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Changing business models

Globally, the traditional publishing business model has come under growing pressure as a consequence of technological development and the digitization of content. The changes experienced by the publishing industry are affecting its market paradigms and business models. Basic principles, such as economies of scale, which used to be a mantra for this sector, have become less significant. Digital books are usually sold at a lower price compared to physical books, and, as free public domain books increasingly becoming available, this availability may further threaten the traditional business model of the publishing industry.

The increasing demand for access to quality education, combined with rising education
enrolments, calls for more educational resources, particularly affordable textbooks.  However, textbook prices are soaring along with the rising cost of education resulting in the overall price of education to increase significantly. As textbook costs rise, there is a simultaneous move toward digital textbooks, due to the increasing availability of ICT. The potential of affordable electronic textbooks, combined with the potential of OER, is regarded as an option to mitigate the rising cost of textbooks, with several organizations and institutions making electronic textbooks available for free.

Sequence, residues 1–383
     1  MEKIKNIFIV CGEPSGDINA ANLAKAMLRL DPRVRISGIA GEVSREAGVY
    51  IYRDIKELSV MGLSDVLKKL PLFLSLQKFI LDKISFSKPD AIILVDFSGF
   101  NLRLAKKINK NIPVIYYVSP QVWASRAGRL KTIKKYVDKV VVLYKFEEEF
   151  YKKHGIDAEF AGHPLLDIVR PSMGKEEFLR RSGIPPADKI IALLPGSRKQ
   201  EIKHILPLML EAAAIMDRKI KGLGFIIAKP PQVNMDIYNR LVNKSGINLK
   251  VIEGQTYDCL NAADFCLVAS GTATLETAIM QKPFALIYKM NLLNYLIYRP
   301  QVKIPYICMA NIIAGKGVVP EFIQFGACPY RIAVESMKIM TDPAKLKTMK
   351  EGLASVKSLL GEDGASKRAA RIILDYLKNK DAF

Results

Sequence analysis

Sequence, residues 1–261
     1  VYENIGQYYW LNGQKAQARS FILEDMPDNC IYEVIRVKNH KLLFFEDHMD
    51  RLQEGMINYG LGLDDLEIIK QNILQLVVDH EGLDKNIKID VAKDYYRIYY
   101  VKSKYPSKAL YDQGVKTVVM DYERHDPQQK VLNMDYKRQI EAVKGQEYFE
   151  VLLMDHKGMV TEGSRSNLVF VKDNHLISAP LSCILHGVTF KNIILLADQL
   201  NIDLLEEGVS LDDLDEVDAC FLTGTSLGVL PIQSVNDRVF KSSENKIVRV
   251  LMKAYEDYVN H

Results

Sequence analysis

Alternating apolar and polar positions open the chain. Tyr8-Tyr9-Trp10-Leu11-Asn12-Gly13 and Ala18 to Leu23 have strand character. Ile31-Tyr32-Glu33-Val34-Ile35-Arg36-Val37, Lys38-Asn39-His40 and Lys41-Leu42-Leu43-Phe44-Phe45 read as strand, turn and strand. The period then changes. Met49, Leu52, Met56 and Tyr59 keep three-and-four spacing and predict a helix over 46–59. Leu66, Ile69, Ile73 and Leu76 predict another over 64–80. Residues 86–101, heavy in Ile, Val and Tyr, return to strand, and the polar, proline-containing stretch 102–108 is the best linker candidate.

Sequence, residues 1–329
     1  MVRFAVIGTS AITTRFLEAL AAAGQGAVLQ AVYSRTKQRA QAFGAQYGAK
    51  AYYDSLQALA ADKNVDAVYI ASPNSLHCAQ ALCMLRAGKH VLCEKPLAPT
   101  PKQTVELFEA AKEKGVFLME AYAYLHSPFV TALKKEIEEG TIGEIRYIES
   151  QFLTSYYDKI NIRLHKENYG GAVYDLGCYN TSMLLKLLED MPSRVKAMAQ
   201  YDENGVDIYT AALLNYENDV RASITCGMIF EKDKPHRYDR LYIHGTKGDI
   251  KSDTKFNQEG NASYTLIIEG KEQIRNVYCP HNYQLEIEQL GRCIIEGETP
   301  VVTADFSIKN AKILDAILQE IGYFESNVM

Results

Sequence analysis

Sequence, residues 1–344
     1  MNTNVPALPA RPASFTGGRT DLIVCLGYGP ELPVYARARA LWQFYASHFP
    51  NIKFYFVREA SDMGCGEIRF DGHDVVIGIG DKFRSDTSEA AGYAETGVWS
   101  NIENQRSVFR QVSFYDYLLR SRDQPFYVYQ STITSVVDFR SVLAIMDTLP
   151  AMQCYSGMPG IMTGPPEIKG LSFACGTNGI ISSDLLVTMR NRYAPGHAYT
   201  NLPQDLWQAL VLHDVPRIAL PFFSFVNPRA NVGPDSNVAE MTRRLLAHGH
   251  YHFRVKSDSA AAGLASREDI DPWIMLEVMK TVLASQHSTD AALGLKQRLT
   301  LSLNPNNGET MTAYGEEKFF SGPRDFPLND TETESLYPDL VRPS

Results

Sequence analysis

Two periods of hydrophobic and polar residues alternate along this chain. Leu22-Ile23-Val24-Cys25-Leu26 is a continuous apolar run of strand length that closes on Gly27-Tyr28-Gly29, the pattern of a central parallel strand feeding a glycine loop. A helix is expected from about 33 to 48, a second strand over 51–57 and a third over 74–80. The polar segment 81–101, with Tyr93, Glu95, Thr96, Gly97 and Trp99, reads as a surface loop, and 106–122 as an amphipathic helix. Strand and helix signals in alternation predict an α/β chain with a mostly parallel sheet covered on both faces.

Such developments are forcing publishing industry actors to reassess their business models and redefine their products and services, in order to align them with changing conditions, needs, and requirements. A growing number of governments and institutions – from national to regional to local levels – require that all educational resources funded by taxpayers or public resources must be licensed as OER. At the same time, educational and academic publishers in these countries are undergoing a period of evolution and reflection regarding the future dynamic between traditional copyrighted publishers and publicly funded OER.

There is a need to identify innovative solutions to develop new business models, so that the interests of the OER community and educational publishers are addressed. Several  possibilities include: publishers providing customized education services, publishers concentrating on new subjects where OER do not yet exist; providing joint products (for example producing conventional textbooks while releasing other products such as educational games with an open license), publishers assembling OER, and developing hybrid models which allows for both OER and traditional copyrighted publications to co-exist, each meeting different audience needs (UNESCO, 2016).